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Birds Around Us: Observing the Birds in Tanah Tingal Forest

The sunlight passed through the leaves of the “Bodhi” tree. A musician stood playing an ukulele while children awaited in seats for the next song they would sing together. Some of the children walked down the footbridge; challenging themselves to clear the obstacles in the game area.

Tanah Tingal Family and Culture Festival 2017, which was held on 18-19 November 2017 was a very colourful event. Tanah Tingal itself was a city forest nearby the South Tangerang modern area. It’s a fun area for every family to spend their weekends and enjoy the facilities such as outbound activities, children park, swimming pool and—of course—natural forest with a river in it.

Visitors, especially children, were free to join play-based learning activities namely puppet decorating, painting and bird observation. Old World Sparrows were not the only bird species living in urbans and not everyone knew this fact. Many species inhabited Tanah Tingal and they were fascinating to be observed.

Burung Indonesia invited the visitors to join the adventure of searching and enjoying the beauty of birds. Enjoying the presence of birds in the fresh air of an urban forest is the first step to appreciate the quality of the natural environment in urban areas.

The bird observation was participated in by ten children. They had been trained to use binoculars and potential birds to be encountered in the location. The Scarlet-headed Flowerpecker was the most bird to be observed in the first session. Down the path with watchful eyes and alert ears, they tracked the direction of the chirping sounds.

The Sooty-headed Bulbul, Olive-backed Sunbird and Bar-winged Prinia then consecutively perched on tree branches. As usual, Cave Swiftlets flew across the sky like it's about to pierce the clouds.

They halted in a pond. Ferry Hasudungan, Biodiversity Conservation Specialist of Burung Indonesia, talked to them. “River banks or pondside are the places where we can find Kingfishers. It has a long and sharp beak. They forage on ponds or rivers, and feed on small fishes and shhh…“ he let the children finish his sentence. “… riiiiimps!” they shouted to him before directing their binoculars to the pondside. Unfortunately, the bird was nowhere to be found.

Bird-friendly city

South Tangerang, which is now a buffer city for the Special Capital Region of Jakarta, was once a very large green area. The very rapid rate of urbanization makes most of the area a residential and industrial area.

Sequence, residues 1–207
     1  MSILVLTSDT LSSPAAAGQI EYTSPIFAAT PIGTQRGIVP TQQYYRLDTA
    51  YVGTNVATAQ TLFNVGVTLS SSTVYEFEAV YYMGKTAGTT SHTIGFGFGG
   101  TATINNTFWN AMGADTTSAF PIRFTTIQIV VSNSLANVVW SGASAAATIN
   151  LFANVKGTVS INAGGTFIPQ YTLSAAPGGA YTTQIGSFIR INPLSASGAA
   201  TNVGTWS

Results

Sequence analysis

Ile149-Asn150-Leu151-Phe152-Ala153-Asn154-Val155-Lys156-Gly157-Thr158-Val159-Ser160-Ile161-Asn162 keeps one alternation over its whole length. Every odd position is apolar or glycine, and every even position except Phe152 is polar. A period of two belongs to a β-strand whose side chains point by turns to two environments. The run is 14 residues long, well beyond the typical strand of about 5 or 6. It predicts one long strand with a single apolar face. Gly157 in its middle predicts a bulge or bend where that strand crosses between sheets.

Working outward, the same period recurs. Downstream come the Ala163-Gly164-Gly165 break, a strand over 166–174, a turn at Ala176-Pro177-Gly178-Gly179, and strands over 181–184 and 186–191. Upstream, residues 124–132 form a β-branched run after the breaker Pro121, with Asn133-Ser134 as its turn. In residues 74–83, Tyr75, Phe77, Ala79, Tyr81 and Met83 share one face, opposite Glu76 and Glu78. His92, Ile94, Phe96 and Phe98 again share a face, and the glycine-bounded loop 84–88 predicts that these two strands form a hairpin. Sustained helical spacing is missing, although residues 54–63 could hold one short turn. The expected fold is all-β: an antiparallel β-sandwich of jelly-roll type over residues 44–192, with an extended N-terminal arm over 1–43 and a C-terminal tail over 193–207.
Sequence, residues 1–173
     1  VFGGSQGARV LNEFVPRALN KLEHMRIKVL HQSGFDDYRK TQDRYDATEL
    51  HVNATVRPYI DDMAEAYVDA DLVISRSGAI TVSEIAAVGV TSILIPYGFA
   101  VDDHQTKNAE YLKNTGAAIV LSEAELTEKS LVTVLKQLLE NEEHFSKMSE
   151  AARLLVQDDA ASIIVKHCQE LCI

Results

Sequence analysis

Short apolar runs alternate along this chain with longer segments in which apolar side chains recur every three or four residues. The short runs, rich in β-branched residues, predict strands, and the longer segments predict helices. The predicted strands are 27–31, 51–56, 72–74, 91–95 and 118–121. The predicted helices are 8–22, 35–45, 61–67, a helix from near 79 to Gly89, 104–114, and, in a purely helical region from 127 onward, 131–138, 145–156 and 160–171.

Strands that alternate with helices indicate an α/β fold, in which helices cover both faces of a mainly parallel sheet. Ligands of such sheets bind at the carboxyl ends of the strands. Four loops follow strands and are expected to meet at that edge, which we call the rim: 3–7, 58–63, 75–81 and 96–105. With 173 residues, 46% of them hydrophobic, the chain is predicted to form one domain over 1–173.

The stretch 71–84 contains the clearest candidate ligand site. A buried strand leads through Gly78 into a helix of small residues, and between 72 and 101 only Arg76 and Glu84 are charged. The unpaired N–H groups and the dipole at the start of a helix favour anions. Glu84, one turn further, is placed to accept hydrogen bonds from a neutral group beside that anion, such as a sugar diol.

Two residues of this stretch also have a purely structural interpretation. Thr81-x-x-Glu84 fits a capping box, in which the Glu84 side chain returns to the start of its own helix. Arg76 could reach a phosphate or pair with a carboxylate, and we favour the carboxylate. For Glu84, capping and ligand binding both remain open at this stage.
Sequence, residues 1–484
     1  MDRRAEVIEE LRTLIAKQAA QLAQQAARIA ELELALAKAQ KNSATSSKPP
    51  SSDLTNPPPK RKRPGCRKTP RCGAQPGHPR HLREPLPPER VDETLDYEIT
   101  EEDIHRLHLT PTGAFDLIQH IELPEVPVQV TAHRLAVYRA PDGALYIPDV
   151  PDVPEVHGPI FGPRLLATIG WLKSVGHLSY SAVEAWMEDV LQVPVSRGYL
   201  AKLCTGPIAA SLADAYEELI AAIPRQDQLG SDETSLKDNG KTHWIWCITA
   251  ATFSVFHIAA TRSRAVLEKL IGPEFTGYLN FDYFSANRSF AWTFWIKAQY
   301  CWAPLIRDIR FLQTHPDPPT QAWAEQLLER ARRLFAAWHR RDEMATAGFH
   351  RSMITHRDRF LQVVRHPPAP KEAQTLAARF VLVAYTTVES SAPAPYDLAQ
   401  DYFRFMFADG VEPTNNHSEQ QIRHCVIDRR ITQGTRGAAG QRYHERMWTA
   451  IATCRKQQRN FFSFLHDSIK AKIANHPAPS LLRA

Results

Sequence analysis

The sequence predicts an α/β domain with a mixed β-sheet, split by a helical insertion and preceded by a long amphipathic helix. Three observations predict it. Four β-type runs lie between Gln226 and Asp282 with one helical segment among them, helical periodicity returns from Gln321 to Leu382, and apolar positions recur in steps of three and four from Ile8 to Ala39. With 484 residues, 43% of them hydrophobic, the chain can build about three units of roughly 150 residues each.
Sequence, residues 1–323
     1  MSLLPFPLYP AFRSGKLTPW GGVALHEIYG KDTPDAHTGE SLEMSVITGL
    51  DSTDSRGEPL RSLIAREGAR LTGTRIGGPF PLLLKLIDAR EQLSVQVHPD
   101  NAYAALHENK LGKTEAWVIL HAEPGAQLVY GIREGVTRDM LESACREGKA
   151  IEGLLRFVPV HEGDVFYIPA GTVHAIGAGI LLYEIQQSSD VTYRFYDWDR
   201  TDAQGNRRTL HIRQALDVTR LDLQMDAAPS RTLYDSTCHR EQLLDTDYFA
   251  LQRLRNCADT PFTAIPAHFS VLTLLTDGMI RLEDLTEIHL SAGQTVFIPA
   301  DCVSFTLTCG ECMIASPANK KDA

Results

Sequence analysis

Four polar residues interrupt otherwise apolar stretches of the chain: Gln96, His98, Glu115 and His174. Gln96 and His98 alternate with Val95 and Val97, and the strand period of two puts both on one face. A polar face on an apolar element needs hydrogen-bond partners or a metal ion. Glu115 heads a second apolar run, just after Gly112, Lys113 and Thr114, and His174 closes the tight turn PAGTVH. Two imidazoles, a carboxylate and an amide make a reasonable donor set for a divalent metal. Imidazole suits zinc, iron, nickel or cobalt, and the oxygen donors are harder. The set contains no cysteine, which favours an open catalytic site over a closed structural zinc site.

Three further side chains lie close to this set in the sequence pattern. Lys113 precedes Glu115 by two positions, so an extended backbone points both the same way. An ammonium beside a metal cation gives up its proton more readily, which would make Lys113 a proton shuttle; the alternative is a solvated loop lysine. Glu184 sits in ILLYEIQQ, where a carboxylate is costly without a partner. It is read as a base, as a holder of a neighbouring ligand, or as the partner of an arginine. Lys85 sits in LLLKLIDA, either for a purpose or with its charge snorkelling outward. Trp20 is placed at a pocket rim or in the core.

The rapid pace of urbanization has also changed the composition of the population in Indonesia. Today, about half of the world's population lives in cities. It is estimated that by 2030 around 60% of the human population will live in urban areas.

So, where will the birds live? We need to develop a better city ecosystem. Bringing nature back into the city has a much bigger meaning than simply decorating it. One way to make a city friendly to bird populations is to increase Urban Green Space (UGS).

The UGSs are not only meant to decorate cities, but also to filter out vehicle pollution, reduce noises, and absorb excess rainfalls. It is also a place for wildlife like birds and butterflies to live in. Natural “green-spaces” like Tanah Tingal and house yards contribute as a “stepping ground” for the birds to move between areas. This certainly improves the connectivity between UGSs.

To invite birds, the Sooty-headed Bulbul, Olive-backed Sunbird and Bar-winged Prinia for instance, the residents can start with planting fruit trees and flowers in their yards. Birds could use the trees as a food source and shelter for perching and nesting. Both birds and insects could drink the nectar of flowers.


Since 2011, Burung Indonesia has been encouraging new initiatives for bird conservation in urban areas through the Birds Around Us (BArU) program. BArU is an Urban Green Space development program that is not only green, but also considers ecological principles. The BArU program aims to increase the awareness of urban communities on the importance of preserving the ecosystem around them. Awareness activities for various community groups are one of them, including joint bird watching activities.